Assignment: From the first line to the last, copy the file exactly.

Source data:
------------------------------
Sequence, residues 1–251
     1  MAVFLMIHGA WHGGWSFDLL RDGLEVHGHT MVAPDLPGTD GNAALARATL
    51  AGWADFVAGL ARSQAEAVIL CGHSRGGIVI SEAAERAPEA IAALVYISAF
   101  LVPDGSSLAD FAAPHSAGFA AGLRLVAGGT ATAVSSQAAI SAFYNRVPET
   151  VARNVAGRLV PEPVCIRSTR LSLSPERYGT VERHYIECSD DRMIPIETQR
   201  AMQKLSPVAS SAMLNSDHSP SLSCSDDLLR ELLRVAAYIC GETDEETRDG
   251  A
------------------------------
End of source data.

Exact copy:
Sequence, residues 1–251
     1  MAVFLMIHGA WHGGWSFDLL RDGLEVHGHT MVAPDLPGTD GNAALARATL
    51  AGWADFVAGL ARSQAEAVIL CGHSRGGIVI SEAAERAPEA IAALVYISAF
   101  LVPDGSSLAD FAAPHSAGFA AGLRLVAGGT ATAVSSQAAI SAFYNRVPET
   151  VARNVAGRLV PEPVCIRSTR LSLSPERYGT VERHYIECSD DRMIPIETQR
   201  AMQKLSPVAS SAMLNSDHSP SLSCSDDLLR ELLRVAAYIC GETDEETRDG
   251  A